Puerto Ricans in November face a simple ballot question: “Should Puerto Rico be immediately admitted into the Union as a state?”
The island territory, whose statehood has long been the subject of debate, has put the question on the ballot six times since 1967, but the movement has not garnered significant support. Proponents of the latest ballot question, which would trigger a nonbinding resolution whose language is unapproved by the Justice Department, hope that its straightforward wording will produce a different outcome.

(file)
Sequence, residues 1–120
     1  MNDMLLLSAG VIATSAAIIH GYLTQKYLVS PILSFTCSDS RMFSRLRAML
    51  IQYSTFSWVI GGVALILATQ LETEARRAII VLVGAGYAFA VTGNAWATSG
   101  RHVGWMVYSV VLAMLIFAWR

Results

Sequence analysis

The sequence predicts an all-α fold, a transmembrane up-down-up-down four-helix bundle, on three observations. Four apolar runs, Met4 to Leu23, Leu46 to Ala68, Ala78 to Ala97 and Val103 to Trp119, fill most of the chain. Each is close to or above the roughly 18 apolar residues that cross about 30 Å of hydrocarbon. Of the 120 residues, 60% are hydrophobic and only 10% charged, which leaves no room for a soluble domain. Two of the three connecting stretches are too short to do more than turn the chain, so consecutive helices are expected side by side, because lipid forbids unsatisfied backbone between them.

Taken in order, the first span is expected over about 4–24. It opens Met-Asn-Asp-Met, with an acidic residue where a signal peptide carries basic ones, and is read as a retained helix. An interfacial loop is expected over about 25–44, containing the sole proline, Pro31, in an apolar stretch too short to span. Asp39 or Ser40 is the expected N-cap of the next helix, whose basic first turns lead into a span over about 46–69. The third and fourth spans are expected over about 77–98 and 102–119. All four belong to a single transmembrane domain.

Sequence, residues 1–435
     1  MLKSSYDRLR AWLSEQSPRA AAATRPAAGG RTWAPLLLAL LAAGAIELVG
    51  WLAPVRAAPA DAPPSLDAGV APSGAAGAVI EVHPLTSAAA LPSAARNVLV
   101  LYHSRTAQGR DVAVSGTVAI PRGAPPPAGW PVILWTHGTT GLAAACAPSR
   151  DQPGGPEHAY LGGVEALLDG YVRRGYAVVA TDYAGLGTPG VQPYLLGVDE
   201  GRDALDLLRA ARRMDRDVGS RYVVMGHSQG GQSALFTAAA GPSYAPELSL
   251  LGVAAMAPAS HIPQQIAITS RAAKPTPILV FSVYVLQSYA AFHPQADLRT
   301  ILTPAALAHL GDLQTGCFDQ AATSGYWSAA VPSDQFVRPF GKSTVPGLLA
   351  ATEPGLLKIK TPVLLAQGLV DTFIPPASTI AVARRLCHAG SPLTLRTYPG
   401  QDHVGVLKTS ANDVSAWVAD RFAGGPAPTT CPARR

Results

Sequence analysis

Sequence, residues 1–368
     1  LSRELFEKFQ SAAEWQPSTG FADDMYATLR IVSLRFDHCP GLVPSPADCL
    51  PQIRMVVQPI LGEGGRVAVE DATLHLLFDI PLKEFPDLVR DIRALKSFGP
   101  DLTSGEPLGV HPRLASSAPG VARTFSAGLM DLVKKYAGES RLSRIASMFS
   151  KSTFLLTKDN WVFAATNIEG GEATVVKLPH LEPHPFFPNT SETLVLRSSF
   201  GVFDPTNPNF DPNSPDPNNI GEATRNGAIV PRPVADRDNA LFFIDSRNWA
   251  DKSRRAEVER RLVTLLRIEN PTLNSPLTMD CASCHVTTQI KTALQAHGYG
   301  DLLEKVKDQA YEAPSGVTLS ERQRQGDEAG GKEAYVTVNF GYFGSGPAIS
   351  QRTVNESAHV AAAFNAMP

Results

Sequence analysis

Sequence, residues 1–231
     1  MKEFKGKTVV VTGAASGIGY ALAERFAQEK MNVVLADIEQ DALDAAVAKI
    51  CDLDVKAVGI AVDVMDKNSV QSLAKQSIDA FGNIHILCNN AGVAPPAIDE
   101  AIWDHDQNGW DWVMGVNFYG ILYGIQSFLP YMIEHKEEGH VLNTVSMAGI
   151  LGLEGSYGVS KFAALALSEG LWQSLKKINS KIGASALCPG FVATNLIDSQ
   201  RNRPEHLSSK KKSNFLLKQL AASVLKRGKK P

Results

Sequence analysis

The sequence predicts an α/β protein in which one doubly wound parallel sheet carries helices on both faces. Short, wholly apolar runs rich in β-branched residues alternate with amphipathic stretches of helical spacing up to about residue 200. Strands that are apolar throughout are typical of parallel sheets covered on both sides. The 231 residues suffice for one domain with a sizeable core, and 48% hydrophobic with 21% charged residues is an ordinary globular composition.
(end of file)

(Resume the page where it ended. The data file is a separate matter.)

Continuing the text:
The referendum comes after a 2017 vote on the same question, which, although it netted 97% support for statehood, only drove a 23% turnout. The result was contested because the Popular Democratic Party, the second-largest faction in Puerto Rico’s legislature, encouraged a boycott, claiming the vote was rigged by the New Progressive Party in favor of statehood.
Then-Gov. Ricardo Rossello said in a speech after the 2017 vote that the results show “the federal government